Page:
Marcellus & Utica Shale Story Links: Tue, Nov 26, 2013
The “best of the rest” – stories that caught MDN’s eye that you may be interested in reading:
Md. plants show big drop in greenhouse gases (thanks to the Marcellus)
Baltimore Daily Record
Greenhouse gas emissions from Maryland’s power plants fell by more than 26 percent from 2010 to 2012, the sixth-largest drop in the nation during that time, according to data from the Environmental Protection Agency. Only Massachusetts, Virginia, Oregon, Washington state and the District of Columbia saw greater declines, according to the data released last month, with greenhouse gas emissions falling by more than 10 percent nationwide. Experts attribute the unusually large drop in Maryland to the fact that the state’s plants simply generated less electricity, as energy produced by those plants fell by nearly 32 percent over the same period, according to the Energy Information Administration, a government data collection service. The reason for that drop is simple: Maryland’s largely coal-powered plants couldn’t compete with cheaper natural gas plants in neighboring states.
Bye Bye Andy? Astorino on 2014, hydrofracking and casinos
Rochester Democrat and Chronicle
Astorino said he supports hydraulic fracturing in New York, something Gov. Andrew Cuomo hasn’t decided on amid protests from environmentalists. “With the proper safeguards, there’s no reason why we can’t move forward on that,” he said. Asked where he stands on casino development, Astorino said: “If that’s the only economic stimulus, then we’re in trouble.” Westchester has Yonkers Raceway, one of the largest gaming halls in the country. He said he was confident he could raise the money needed to challenge Cuomo, who had $28 million in the bank in July.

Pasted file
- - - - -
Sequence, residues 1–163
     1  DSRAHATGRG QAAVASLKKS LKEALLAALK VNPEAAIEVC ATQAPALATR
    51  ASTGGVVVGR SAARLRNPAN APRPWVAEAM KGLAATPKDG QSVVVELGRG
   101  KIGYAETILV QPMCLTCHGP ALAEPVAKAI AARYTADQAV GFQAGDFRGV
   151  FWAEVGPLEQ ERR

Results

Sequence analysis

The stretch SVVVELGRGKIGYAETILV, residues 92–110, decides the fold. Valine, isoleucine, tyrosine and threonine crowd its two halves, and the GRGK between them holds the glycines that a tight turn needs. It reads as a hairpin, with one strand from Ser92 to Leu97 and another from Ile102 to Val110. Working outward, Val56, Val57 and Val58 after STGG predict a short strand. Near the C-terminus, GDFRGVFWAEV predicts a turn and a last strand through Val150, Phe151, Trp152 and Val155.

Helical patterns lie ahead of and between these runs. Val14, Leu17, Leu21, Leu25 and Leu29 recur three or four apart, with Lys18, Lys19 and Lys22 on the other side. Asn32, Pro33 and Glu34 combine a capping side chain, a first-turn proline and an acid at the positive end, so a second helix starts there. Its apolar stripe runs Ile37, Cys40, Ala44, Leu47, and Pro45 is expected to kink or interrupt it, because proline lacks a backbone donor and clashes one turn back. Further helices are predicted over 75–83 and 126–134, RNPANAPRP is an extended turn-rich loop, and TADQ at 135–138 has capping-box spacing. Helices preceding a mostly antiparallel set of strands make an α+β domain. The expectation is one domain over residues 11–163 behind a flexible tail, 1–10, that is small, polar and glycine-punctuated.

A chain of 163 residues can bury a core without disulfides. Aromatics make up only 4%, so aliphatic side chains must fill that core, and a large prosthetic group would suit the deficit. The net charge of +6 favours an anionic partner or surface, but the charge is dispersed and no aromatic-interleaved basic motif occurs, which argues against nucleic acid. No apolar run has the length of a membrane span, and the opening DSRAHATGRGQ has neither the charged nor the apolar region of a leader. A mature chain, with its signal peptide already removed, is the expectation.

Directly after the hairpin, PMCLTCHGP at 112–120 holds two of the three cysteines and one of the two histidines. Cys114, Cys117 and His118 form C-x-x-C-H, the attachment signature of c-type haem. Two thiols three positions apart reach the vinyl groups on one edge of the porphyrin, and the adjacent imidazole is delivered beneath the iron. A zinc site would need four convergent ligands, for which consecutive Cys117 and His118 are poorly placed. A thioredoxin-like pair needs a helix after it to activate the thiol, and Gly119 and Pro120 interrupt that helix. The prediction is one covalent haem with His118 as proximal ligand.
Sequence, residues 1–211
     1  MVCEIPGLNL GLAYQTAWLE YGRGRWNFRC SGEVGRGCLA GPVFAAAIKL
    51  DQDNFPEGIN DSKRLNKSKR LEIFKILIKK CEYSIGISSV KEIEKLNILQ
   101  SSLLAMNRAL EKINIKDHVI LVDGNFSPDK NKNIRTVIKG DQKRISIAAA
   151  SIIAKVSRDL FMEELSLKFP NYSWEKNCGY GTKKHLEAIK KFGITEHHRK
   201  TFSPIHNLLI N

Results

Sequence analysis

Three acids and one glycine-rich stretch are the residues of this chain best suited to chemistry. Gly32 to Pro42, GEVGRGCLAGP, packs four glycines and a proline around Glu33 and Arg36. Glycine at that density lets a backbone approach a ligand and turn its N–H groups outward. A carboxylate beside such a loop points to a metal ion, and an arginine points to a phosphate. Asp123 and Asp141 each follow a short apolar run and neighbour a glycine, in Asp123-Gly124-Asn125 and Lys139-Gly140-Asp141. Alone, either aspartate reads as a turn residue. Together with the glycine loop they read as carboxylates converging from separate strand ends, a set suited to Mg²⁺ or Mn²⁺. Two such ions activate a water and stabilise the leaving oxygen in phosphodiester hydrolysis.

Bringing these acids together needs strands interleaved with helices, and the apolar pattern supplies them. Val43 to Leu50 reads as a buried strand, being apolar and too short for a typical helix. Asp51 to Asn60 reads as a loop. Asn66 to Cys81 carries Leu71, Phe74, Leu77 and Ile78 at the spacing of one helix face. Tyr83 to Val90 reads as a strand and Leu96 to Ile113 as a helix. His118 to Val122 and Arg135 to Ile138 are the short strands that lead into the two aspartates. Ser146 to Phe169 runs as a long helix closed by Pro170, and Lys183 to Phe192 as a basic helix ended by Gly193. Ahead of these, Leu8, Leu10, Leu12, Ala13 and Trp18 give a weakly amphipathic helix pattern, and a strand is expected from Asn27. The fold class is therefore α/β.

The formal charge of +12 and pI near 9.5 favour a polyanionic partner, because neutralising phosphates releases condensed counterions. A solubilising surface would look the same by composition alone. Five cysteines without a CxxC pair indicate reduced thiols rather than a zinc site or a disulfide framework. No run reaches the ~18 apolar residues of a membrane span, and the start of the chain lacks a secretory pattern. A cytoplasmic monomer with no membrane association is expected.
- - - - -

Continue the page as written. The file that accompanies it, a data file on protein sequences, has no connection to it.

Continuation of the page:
Deutsche Bank Says Gulfport Energy Corp. Best Positioned Company in Utica Shale
Equities researchers at Deutsche Bank started coverage on shares of Gulfport Energy Corp. in a research report issued on Monday, TheFlyOnTheWall.com reports. The firm set a “buy” rating on the stock. The analysts wrote, “Not far from Canton, Ohio lies the Utica Shale, an asset with Hall of Fame characteristics (significant resource and growth opportunities) with returns that can compete against the current basins driving US oil and gas growth (Eagle Ford, Permian, Bakken, Marcellus). Sitting at the core of the Utica, we view Gulfport Energy as the most levered to future success of the basin with 2014 an inflection point for peer leading debt-adjusted production and cash flow growth. While the pace of infrastructure build out remains key, GPOR looks to have capacity well in hand for the growth opportunity the basin presents.”
Movers, shakers of shale: Seismic testing adapts to Western Pa.
Three white trucks roll head-to-tail along Route 30 at about 1 mile per hour. Every 250 feet, they stop and slowly lower wood and metal pads to the road. Then they shake. Some in the gas industry call this “getting elephants to jump at the same time.” These are seismic testing trucks, sending vibrations 20,000 feet deep to get a picture of the Marcellus shale just as a sonogram pictures an unborn baby. And it’s the first step for gas companies after they commit to drilling a new region. The trucks working Route 30 in Findlay are on assignment for Consol Energy Inc. as it gets ready to drill for gas on 10,000 acres around Pittsburgh International Airport. These vibration trucks may become a familiar sight for analyzing prospective gas fields as drillers encroach the urban core or more densely populated areas.
Epsilon Energy: Shareholders In Charge
Epsilon Energy is a Canadian E&P with its principal asset in the United States. Epsilon was managed by what I would qualify as “run of the mill” E&P executives, who spent money drilling left and right without too much success. Earlier in 2013, John Lovoi, managing partner of the energy focused advisory firm JVL Advisors (and ex-head of Morgan Stanley Oil and Gas investment banking), along with the $10 billion asset manager Advisory Research acquired a 30% ownership stake in the company (at prices ranging from $3 to $4 a share). Epsilon management responded to JVL and Advisory Research position by initiating a strategic review. The review however failed to produce tangible results; in consequence the stock tumbled and JVL took control of Epsilon. Upon taking control of the company, the new board and management issued the following comments on July 16th…